Training in Thailand
A train journey can be a special part of any Thai holiday for the scenery, history and the unique peaks of the kingdom. There are many route options and they roll into most parts of the country.
Travelling by train in Thailand is also a great way to see the diverse countryside on your way to tourist areas. From Bangkok, you can ride for an hour or a little more to the ancient city of Ayutthaya, the seaside resort city of Hua Hin, to the “Death Railway” in Kanchanaburi, or visit Lop Buri and its unique history. Overnight trips from Bangkok to Chiang Mai in the North, Nong Khai or Ubon Ratchathani in the Northeast, or all the way south to Malaysia are memorable, too.
Trains have a long history in Thailand with the first entering service in 1893. It ran the 21 kilometres from Bangkok to Samut Prakan, south of the capital near the coast. By 1960, most routes had been paved over to make room for Rama IV Road, but by that time many other routes had been established and now the State Railway of Thailand (SRT) operates more than 4,500 kilometres of track going to all four corners of the kingdom.
Trains range from the luxurious Eastern and Oriental Express to the first-, second- and third-class trains. Third-class “hard seat” trains are actually a great way to travel in the daytime to watch the country roll past. The cars have open windows offering a breeze with a view and lets passengers hear the sounds of the countryside. Better still are the food hawkers who walk up and down the moving carriages selling local delicacies and cold drinks. It is a memorable way to experience Thailand.
Second class offers more comfortable seats in air-conditioned carriages and sleepers (also air-con) with upper and lower berths along each side for a comfortable sleep as the train gently rolls along. First class have private rooms with sleepers for couples or individuals. Passengers can control the air-con and the room includes a hand basin for washing.
If you are travelling to or from Malaysia or Lao PDR., you can leave or enter the country by train.
Some of Thailand’s rail highlights include:
The “Death Railway”
The “Death Railway” is what remains of the engineering marvel of the Burma-Siam Railway the Japanese Imperial Army built during World War II using prisoner-of-war and Asian forced labour. Conde Nast Traveller recently listed it as one of the 10 Best Train Journeys in the World.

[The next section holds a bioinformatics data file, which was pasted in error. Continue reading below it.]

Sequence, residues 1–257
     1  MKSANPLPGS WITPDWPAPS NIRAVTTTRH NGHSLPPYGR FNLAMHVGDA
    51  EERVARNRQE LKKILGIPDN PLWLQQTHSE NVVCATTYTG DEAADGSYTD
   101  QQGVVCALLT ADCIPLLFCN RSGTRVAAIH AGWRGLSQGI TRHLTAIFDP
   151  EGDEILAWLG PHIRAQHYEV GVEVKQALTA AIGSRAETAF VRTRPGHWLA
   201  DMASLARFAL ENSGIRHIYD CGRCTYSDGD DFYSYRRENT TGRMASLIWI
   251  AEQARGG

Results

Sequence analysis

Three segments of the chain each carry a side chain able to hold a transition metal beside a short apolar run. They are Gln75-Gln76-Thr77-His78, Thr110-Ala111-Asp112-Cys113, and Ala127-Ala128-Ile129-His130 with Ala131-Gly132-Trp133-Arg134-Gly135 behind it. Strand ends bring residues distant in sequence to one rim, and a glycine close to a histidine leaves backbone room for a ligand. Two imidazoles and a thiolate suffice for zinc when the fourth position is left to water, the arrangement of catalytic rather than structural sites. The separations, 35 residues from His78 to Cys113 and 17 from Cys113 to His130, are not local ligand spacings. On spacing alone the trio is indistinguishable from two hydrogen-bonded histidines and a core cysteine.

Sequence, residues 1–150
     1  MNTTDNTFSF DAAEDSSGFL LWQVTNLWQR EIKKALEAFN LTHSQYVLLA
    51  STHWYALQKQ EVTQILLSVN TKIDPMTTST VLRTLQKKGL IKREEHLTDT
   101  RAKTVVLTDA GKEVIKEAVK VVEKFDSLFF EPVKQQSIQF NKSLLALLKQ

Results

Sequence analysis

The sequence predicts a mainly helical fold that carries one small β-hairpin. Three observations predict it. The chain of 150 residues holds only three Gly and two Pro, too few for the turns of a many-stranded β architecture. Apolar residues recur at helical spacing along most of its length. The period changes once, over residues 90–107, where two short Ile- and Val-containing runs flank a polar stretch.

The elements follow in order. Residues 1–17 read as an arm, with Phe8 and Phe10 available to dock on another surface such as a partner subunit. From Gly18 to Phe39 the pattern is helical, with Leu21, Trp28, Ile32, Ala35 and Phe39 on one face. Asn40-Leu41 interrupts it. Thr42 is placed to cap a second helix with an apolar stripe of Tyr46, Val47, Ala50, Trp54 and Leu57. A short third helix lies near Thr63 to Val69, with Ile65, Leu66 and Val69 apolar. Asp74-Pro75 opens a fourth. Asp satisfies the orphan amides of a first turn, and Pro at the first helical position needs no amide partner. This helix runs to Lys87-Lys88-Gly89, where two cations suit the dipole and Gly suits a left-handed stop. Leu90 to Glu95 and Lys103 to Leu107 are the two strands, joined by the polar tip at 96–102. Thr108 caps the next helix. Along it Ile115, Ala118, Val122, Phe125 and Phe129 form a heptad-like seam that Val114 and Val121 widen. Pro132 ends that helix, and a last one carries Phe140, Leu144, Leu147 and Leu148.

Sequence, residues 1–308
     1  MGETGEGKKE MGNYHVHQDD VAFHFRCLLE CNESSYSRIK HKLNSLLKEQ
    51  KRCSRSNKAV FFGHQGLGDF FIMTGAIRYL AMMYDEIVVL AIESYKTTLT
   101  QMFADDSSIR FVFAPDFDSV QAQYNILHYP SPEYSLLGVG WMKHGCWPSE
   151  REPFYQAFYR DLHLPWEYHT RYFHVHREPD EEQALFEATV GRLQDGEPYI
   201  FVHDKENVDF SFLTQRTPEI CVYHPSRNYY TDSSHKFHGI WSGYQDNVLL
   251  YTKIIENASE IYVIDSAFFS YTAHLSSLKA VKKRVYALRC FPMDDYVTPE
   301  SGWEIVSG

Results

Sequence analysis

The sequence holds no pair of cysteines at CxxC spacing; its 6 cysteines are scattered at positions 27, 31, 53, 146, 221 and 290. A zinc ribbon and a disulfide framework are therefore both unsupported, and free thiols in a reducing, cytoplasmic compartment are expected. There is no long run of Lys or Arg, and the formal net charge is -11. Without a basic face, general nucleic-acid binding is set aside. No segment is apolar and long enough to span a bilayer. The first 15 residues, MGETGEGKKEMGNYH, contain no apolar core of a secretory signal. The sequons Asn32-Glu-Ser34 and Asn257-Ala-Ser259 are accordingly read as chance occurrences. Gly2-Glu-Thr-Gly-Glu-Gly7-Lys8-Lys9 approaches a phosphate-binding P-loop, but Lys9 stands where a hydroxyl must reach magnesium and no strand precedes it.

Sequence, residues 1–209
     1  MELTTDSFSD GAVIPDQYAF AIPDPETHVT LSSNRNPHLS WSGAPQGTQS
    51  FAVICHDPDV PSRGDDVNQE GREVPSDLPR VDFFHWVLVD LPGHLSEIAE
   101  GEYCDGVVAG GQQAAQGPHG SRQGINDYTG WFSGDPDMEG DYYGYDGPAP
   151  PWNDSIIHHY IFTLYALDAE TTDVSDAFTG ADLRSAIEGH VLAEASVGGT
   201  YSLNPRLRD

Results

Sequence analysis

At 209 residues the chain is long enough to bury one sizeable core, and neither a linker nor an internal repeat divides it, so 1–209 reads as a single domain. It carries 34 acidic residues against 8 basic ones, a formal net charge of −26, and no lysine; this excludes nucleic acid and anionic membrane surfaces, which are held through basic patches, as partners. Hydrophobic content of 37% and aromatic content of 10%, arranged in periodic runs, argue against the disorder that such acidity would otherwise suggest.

The 415-kilometre route claimed nearly 16,000 POW lives and perhaps as many as 100,000 Asian labourers from disease and overwork. Most of the old route is now closed, but the remaining two-and-a-half-hour trip from Kanchanaburi town to Namtok Sai Yok passes through beautiful tropical forests and along the wild Kwai Noi River. It is a serene and sometimes spectacular trip through a sombre past.
The route includes passing over the River Kwai made famous in the 1957 Oscar-winning movie The Bridge on the River Kwai. There are two trains a day from the Thon Buri Railway Station next to Bangkok and the trip can be a day outing, or you can spend the night in Kanchanaburi taking time to visit the War Museum and having dinner in a riverside restaurant. Accommodation ranges from floating guesthouses, to nice hotels to resorts.
The Eastern and Oriental Express
This train rolls down the tracks in a class all of its own. It is a superlative rail journey. It includes three nights’ accommodation on the luxury train with continental breakfast served in your cabin, three-course lunches, afternoon teas and four-course dinners. House wine and house spirits are included, and a steward is on call 24 hours a day. The journey also includes guided tours along the River Kwai and a visit to the War Museum there. The Bangkok to Singapore journey takes about 40 hours to travel just over 2,000 kilometres. It is a step back in time with the cars outfitted like train carriages of the 1930s, but with modern comforts.
Bangkok to Chiang Mai
This is best in a second- or first-class sleeper. It leaves Bangkok in the evening and is rolling into the mountains of Northern Thailand as the sun rises. It stops in several cities along the way, including Lampang early in the morning if you want to visit a less travelled ancient city. From there, it passes through Thailand’s longest tunnel then stops near the entrance to Doi Khun Tan National Park. From the station, you can hike under one kilometre to the Park, where bungalows and camping are available and continue to Chiang Mai a day or two later.
In addition to Chiang Mai, Thailand has three more overnight routes. If you are travelling to the Northeast or South, overnight trains are a great option. The trains to Nong Khai and Ubon Ratchathani arrive in their destinations in the morning. For a longer trip you can go south all the way to Malaysia.
“Train to Nowhere”
For a unique day trip, the Thon Buri to Samut Songkhram “train to nowhere” is a great option. The nowhere is due to the route does not connect with the greater rail network in Thailand. Built as a private line near the coast to connect the fishing ports with Bangkok markets, the State Railway of Thailand now operates the 80-kilometre line that runs eight times a day. The route has two sections and a different train on each. From Wongwian Yai in Thon Buri, the first goes about halfway to Samut Sakhon, then after a ferry ride across the Tha Chin River, another train takes passengers to the Mae Klong Railway Market in Samut Songkhram next to the Mae Klong River. It is a good day trip, but can also be a nice overnight trip staying at Samut Songkhram.
No alcohol is allowed on Thai trains except the Eastern and Oriental Express, but the longer routes have restaurant cars. The third-class trains have food hawkers, and they make any trip more enjoyable.